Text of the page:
In October 2018, one of the longest dry spells on record has left part of the Rhine in Germany at record-low levels for months, forcing freighters to reduce their cargo or stop plying the river altogether. About half of Germany’s river ferries have stopped running, according to the Federal Waterways and Shipping Administration. Photo: Gordon Welters / The New York Times

By Christopher F. Schuetze
4 November 2018

KAUB, Germany (The New York Times) – Just after sunrise, Capt. Frank Sep turned to his ship’s radio for the defining news of his day: the water level in Kaub, the shallowest part of the middle section of the Rhine, Germany’s most important shipping route.

The news was bad, as it so often is these days.

One of the longest dry spells on record has left parts of the Rhine at record-low levels for months, forcing freighters to reduce their cargo or stop plying the river altogether.

Parts of the Danube and the Elbe — Germany’s other major rivers for transport — are also drying up. Some inland ports are idle, and it is estimated that millions of tons of goods are having to be transported by rail or road.

With castles and vineyards dominating the river banks near Kaub, just five miles from the Lorelei rock, named for a siren who was said to lure sailors to their deaths, it would be easy to forget how important the area is to German commerce. It is roughly halfway between the inland ports of Koblenz and Mainz, and virtually all freight shipped from seaports in the Netherlands and Belgium to the industrial southwest of Germany passes through here.

On a day in late October 2018, Captain Sep learned that the river was just 10 inches deep. That meant the water in the man-made shipping channel dredged near the center of the river was about five feet deep, down from an average of about 11 feet. Even with cargo at one-third of its usual weight, his 282-foot freighter Rex-Rheni — the King Rhine — would have only inches of water under its hull.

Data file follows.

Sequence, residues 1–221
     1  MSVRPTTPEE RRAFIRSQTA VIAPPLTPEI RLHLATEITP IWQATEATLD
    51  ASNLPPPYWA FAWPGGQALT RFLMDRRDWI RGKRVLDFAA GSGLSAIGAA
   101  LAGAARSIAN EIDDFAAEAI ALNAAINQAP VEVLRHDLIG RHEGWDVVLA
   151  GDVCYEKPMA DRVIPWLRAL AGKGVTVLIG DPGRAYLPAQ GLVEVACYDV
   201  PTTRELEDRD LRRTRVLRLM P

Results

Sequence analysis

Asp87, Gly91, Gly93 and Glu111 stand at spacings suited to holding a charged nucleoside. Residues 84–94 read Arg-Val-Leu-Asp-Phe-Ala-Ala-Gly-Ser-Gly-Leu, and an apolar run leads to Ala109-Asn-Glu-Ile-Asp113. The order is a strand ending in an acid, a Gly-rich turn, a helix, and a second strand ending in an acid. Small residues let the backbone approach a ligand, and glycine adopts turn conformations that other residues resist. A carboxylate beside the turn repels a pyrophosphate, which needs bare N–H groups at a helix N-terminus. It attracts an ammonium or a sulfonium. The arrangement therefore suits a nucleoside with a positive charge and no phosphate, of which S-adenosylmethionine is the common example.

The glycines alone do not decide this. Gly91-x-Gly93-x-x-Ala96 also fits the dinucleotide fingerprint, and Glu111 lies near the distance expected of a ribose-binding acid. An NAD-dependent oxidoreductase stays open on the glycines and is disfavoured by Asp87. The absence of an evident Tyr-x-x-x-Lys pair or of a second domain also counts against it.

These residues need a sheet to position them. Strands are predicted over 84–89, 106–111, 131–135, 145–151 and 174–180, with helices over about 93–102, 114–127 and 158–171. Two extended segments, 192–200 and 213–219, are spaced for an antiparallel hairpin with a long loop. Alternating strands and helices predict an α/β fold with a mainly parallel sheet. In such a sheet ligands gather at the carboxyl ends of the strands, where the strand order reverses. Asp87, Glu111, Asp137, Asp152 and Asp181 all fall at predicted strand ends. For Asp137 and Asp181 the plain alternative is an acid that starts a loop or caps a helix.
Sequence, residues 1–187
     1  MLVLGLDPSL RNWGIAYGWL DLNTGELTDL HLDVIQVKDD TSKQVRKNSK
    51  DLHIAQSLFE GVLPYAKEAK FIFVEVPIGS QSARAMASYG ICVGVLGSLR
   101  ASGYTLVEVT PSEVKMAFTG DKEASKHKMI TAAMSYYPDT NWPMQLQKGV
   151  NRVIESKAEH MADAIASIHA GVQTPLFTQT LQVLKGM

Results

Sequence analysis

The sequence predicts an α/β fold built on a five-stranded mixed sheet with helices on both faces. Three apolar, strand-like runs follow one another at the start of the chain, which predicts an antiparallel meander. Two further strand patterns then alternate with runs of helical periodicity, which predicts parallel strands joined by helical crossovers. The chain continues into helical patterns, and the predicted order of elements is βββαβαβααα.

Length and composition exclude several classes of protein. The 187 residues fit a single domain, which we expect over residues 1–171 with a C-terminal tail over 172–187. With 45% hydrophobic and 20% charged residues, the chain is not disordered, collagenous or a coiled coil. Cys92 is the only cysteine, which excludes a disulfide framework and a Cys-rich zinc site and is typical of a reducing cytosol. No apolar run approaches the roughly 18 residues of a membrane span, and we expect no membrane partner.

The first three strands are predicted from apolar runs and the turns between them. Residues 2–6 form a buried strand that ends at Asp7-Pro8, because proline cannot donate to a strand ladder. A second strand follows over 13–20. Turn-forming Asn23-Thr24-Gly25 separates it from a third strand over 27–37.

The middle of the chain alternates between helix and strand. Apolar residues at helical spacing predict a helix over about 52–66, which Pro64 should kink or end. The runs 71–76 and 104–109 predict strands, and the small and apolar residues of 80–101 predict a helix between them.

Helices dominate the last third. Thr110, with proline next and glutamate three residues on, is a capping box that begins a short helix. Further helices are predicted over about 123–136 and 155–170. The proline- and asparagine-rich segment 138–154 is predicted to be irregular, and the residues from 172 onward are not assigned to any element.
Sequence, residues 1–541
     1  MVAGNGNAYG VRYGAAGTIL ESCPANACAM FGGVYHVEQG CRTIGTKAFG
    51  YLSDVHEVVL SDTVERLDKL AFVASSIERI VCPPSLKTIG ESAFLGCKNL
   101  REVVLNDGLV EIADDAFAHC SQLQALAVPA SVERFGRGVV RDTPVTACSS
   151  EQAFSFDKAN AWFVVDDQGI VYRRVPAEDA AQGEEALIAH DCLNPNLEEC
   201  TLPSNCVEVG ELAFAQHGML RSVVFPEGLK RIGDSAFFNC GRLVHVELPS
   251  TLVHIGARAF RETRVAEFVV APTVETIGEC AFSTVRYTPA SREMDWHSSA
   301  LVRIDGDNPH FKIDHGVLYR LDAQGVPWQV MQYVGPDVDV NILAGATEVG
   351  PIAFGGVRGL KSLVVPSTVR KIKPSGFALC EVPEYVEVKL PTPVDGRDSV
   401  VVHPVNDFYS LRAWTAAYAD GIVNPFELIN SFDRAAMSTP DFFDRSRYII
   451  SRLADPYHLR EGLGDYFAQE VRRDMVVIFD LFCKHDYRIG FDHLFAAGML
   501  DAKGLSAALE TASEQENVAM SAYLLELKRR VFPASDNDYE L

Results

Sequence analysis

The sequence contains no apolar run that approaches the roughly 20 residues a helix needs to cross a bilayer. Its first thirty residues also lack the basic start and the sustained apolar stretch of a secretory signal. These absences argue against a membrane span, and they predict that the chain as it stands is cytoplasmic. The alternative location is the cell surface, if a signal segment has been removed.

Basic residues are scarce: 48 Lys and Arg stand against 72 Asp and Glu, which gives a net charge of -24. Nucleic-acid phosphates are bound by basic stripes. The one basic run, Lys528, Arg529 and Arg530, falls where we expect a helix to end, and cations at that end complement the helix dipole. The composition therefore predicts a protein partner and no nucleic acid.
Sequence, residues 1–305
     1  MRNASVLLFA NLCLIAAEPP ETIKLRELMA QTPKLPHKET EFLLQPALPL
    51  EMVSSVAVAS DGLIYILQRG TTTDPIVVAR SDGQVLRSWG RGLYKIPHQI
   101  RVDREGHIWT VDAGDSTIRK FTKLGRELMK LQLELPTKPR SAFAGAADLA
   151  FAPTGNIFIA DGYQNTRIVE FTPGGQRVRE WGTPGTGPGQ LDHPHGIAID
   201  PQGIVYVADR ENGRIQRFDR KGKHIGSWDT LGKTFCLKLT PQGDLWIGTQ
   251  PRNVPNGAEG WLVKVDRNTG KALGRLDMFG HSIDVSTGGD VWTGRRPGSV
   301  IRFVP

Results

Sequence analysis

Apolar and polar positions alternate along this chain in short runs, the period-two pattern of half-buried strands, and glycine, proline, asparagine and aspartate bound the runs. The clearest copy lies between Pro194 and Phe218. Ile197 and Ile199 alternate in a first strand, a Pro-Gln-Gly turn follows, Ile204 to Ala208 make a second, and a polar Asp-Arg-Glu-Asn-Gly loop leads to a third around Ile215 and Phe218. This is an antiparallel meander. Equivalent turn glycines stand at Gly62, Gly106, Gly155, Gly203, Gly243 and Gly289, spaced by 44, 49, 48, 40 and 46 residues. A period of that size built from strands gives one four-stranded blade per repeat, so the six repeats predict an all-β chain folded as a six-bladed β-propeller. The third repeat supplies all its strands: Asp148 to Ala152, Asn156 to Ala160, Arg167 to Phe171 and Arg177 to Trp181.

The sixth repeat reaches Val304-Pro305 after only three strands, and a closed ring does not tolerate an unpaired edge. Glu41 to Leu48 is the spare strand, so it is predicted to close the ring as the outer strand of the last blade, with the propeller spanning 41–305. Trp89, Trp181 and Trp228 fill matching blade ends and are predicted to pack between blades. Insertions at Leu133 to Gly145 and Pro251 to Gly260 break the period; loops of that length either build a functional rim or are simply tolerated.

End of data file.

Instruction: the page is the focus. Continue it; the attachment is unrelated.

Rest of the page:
“I’ve never experienced so little water here,” said Captain Sep, who has been working on the river since 1982, the last 22 years on the Rex-Rheni. “It’s becoming so low that it’s very difficult for ships to pass.”

An exceptionally dry summer has caused havoc across Europe. A trade group in Germany put farmers’ losses at several billion dollars. The German chemical giant BASF had to decrease production at one of its plants over the summer because the Rhine, whose water it uses to cool production, was too low. […]

Wild tomatoes are growing in the Rhine riverbed in Bonn. In October 2018, one of the longest dry spells on record has left part of the Rhine in Germany at record-low levels for months, forcing freighters to reduce their cargo or stop plying the river altogether. Photo: Gordon Welters / The New York Times

About half of Germany’s river ferries have stopped running, according to the Federal Waterways and Shipping Administration, and river cruise ships are having to transport their passengers by bus for parts of their journey. Thousands of fish in the Swiss section of the river died because of the heat and low oxygen levels.

There are reasons to believe such weather will become more frequent with a warming climate.

“Our research shows an increase in instability,” said Hagen Koch, who studies rivers at the Potsdam Institute for Climate Impact Research. “The extremes are going to happen more often.” [more]

The Rhine, a Lifeline of Germany, Is Crippled by Drought

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